Whitney Lee is a litigation associate in MoFo’s Washington, D.C. office. Her practice focuses on advising clients on sensitive matters relating to national security, risk, and crisis management, including matters that involve multijurisdictional investigations, congressional oversight, privacy, data security, and significant media attention.
Prior to joining MoFo, Whitney practiced as an associate in the Cybersecurity & Privacy Group of an international law firm. While she was studying at Columbia Law School, she received Parker School Honors for excellence in the study of international law and served as the head notes editor for Columbia’s Journal of Transnational Law. In addition, Whitney interned at the New York State Office of the Attorney General in the Public Integrity Bureau.
Whitney is well versed in the area of criminal law, with a focus on international cybercrime. She holds an LL.M. in International Criminal Law from the University of Amsterdam and a B.A. in Government from Harvard University. Before law school, Whitney spent her time working at the Center for American Progress, an independent nonpartisan policy institute dedicated to developing and communicating ideas for policymakers that will lead to real change and protect our democracy.
What was it that initially drew you to Privacy + Data Security law?
Privacy + Data Security is such an interesting area of the law and it is still in an exciting growth phase. In our group, we encounter new and interesting challenges every day and it is so gratifying to be able to support our clients and face those challenges together. Also, a large part of what drew me to MoFo was the opportunity to work with experts in the fields of privacy + data security and crisis management such as Miriam Wugmeister, John Carlin, and David Newman.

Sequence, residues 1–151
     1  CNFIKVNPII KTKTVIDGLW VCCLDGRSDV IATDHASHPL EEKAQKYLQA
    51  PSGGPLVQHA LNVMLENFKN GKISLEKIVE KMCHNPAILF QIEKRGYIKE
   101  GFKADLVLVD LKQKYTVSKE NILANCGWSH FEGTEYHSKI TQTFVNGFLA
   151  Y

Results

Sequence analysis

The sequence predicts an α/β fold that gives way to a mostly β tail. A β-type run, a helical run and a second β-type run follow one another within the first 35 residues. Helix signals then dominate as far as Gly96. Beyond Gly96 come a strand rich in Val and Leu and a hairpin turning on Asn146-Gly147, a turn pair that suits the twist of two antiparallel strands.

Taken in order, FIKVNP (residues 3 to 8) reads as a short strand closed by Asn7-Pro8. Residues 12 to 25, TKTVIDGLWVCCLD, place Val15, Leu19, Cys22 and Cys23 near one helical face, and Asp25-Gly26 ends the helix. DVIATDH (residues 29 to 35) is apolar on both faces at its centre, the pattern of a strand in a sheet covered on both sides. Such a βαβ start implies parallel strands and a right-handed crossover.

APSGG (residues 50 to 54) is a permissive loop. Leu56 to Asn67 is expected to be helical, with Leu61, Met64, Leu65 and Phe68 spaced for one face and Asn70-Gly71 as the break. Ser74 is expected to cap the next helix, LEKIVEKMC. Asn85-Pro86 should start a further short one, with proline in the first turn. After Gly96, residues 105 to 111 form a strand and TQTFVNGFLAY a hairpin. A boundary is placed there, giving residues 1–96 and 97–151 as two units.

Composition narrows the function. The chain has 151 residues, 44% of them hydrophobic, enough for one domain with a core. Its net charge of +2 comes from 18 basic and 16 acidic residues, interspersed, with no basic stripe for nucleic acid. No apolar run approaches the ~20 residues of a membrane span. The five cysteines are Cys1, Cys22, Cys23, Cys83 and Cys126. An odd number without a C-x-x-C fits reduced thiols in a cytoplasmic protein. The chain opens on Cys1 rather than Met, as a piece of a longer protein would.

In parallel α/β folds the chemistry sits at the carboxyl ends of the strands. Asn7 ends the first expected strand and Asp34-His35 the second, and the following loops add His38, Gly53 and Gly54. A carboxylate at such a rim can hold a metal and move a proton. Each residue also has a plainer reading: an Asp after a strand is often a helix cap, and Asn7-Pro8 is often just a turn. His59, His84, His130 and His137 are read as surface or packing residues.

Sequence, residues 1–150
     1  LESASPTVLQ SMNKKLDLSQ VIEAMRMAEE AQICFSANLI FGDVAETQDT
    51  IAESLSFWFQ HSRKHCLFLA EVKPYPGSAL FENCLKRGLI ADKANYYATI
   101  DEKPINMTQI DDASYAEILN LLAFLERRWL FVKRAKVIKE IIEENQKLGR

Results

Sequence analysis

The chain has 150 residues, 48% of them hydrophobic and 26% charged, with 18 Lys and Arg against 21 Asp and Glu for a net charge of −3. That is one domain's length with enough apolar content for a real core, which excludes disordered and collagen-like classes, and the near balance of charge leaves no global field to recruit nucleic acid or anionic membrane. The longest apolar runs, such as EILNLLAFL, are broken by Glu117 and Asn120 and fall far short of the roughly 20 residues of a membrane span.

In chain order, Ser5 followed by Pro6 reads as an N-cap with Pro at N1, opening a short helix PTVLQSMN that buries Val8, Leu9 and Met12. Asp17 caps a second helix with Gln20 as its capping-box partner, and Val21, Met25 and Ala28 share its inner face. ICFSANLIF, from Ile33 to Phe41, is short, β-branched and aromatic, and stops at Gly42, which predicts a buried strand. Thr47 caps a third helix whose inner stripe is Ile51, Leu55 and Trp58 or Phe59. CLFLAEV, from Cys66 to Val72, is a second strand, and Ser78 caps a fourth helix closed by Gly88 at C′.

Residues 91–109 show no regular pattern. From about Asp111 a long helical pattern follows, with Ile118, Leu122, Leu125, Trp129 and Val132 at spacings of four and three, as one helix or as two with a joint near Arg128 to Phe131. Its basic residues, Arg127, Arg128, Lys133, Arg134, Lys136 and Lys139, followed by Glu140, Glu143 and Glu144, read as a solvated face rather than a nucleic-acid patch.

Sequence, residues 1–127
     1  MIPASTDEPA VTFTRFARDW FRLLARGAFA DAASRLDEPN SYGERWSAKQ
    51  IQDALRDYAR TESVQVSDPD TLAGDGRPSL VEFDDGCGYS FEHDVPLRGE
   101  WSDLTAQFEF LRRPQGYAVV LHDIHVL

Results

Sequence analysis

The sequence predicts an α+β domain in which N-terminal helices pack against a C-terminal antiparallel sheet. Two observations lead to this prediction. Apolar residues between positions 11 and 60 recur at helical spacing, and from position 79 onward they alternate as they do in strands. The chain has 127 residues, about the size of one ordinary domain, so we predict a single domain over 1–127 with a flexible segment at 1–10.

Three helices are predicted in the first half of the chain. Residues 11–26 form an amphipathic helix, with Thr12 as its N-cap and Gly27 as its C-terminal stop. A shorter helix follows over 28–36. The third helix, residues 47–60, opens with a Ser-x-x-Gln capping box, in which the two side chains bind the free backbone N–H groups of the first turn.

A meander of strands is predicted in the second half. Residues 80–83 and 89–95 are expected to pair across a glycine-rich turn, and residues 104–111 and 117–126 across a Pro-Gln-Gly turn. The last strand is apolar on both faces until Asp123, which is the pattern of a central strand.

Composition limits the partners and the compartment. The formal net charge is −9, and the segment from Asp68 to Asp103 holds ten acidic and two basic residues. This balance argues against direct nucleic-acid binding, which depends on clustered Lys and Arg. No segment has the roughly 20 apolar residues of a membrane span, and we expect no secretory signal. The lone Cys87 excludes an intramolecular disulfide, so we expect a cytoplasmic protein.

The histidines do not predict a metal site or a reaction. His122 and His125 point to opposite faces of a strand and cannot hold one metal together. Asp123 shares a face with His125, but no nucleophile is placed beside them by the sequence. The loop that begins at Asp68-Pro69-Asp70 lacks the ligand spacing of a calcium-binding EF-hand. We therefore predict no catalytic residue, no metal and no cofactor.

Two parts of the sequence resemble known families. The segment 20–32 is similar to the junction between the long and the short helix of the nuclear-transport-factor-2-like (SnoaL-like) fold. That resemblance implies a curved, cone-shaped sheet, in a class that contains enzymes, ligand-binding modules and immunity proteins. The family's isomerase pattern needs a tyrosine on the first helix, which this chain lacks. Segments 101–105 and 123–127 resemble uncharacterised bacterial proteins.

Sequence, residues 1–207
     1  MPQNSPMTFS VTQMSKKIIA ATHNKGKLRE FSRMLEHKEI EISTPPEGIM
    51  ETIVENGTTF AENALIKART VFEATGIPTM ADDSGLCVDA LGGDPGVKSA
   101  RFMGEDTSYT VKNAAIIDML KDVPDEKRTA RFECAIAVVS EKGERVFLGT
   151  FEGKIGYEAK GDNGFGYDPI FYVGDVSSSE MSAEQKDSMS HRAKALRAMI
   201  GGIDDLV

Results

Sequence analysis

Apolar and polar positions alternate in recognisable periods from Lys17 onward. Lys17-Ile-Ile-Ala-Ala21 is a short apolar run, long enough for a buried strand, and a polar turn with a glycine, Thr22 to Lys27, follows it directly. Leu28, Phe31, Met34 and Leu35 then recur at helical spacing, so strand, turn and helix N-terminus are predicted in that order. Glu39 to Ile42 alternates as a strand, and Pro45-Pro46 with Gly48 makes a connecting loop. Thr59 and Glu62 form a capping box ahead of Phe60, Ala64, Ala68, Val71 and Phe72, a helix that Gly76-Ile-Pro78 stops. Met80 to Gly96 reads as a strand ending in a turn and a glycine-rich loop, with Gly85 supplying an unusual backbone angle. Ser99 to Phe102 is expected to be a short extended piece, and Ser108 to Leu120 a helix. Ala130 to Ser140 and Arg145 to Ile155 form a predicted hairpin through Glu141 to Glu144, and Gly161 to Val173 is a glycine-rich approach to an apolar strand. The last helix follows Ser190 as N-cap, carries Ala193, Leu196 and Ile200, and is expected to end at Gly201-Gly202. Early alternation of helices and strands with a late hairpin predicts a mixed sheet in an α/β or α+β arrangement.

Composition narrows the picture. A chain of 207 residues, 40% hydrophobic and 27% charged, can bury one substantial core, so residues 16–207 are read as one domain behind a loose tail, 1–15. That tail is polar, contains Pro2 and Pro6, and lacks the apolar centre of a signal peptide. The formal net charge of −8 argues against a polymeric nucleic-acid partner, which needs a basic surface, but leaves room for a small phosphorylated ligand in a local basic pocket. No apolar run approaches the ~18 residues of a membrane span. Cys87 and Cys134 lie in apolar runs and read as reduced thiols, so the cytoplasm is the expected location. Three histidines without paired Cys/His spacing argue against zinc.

How does the Privacy + Data Security practice intersect with, or improve upon, similar practice areas?
Privacy + Data Security intersects with most practice areas in some way or another, from healthcare and life sciences, to M&A, to crisis management. We live in an age where companies in every sector have moved nearly everything of value into a digital space where that information is vulnerable to accidental disclosure and targeted criminal action. Today, almost all companies have a new area of risk management and that’s cyber risk.
Could you tell us about someone who was a role model to you, either personally or professionally, and why?
My grandfather, who was a Tuskegee Airman, has always been a role model to me. He served during World War II and lived through some of the darkest periods in our nation’s history. As our country weathers its current challenges, I reflect on the strength and determination that he showed during his life and I try to emulate it.
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